A lot of color grading work in DaVinci Resolve is going to be somewhat creative. But, before you can properly apply those fun LUTs or create a brand-new look you will want to make sure your baseline is properly set up.
Part of that is going to be nailing the white balance. If your core colors are off the rest of the chain isn’t going to give you the results you want.
Make sure you are nailing white balance with minimal effort by following this quick tutorial put together by Donovan Anderson. It’ll work with footage that looks quite off when you examine it.
If you are working with compressed footage, even ProRes, you’ll want to make sure that your white balance is good at the point of capture. Only raw footage will give you the flexibility to make aggressive white balance changes without losing image quality.
Fortunately, if you have 10-bit footage with a decent bit rate there are ways to correct it in post. That is what Donovan is showing here.
The example he has is from a wedding where the venue had some overhead lights on as well as windows open. When the day started there was a lot more light shining through, and so Donovan set his white balance for this scenario.
Unfortunately, a short winter day and clouds made it so that the overhead lights took over long before the shoot ended. As you can see the white balance didn’t quite work out and the footage looks very yellow and warm.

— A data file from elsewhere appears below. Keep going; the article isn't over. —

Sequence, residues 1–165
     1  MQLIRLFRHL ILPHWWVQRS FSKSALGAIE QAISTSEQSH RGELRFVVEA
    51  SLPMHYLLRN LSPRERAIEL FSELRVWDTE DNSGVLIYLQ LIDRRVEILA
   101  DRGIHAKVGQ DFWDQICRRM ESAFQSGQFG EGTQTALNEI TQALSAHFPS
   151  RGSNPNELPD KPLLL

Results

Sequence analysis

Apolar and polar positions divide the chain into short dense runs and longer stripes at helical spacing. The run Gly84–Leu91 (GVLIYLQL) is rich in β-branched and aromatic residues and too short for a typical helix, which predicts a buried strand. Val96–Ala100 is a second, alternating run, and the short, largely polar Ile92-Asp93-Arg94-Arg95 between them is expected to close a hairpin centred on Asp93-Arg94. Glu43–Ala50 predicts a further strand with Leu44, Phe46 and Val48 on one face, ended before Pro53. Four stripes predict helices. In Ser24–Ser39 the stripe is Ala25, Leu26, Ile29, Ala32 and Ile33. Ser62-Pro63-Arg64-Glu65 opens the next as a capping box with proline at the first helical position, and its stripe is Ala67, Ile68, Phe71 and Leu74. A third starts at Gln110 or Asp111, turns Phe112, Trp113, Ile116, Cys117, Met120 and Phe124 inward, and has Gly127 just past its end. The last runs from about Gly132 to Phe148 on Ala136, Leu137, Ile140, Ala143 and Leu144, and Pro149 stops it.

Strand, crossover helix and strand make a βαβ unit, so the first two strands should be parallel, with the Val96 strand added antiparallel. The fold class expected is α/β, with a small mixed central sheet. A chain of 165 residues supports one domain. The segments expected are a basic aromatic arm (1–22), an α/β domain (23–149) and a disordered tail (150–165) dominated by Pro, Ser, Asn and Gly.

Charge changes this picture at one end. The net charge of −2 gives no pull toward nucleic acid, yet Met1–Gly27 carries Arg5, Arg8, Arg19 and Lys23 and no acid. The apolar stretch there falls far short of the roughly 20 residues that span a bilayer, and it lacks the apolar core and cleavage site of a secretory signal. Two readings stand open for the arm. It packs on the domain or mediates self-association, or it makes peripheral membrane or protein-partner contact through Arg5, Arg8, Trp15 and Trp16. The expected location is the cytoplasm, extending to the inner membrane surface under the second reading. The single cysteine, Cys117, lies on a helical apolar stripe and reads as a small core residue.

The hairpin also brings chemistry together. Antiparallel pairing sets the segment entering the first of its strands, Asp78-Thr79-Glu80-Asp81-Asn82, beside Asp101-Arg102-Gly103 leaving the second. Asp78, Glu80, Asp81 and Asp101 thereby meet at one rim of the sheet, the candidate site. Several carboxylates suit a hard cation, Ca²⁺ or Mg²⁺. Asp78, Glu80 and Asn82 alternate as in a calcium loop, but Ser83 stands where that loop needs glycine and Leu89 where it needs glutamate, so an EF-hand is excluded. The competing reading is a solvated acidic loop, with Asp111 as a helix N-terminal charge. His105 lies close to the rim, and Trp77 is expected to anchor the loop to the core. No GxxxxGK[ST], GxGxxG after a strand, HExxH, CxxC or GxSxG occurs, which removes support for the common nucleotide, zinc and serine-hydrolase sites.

Being a corrective action this should be applied early in your nodes, before your creative looks. In your first node, you’ll want to head down to the primary wheels’ area and find the temperature slider.
Make an adjustment here to get it roughly where you think the footage should be. You’ll probably see a major improvement just with that change.
Where he still sees an issue is in the white dress. Since temperature adjustments are global it doesn’t always work out for certain subject matter, and white is a difficult thing to get right with a simple adjustment.
He makes a serial node to address the white dress. In this node he uses the color picker in the qualifiers to select the brightest part of the dress. This should select the white area. To check on this you should turn on split screen view and set it to highlighted modes.
This will show a better view of the mask you are creating. You’ll have to adjust the range of the qualifier to make sure you are getting as much of the dress and other white areas selected at once. You want to stop when you are pulling in areas you don’t want to include. Using softness controls will help smooth out the selection.
With the white areas selected now all you need to do is go find the saturation adjustment. Decrease it and you’ll see that any shifts or tones just fade away. A creative option would be adjusting the luminance to make it pop a bit.
One more corrector node is added. This is the red/orange fix. He makes use of the relatively new Color Warper tool. He wants to make changes to the skin tones and similar areas as they seem to pick up a green cast.
He takes the line on the edge of the green and orange tones and shifts it ever so slightly towards the orange/red. This immediately cleans things up and gives it a more natural and warmer tone.
Now you should be looking at a well-corrected image that is ready for your full color grading technique.
This is a bit more involved that the most basic white balance corrections, but I think the results turned out a lot better than just sliding the temperature in one direction. What did you think of this method?
[source: Donovan Anderson]
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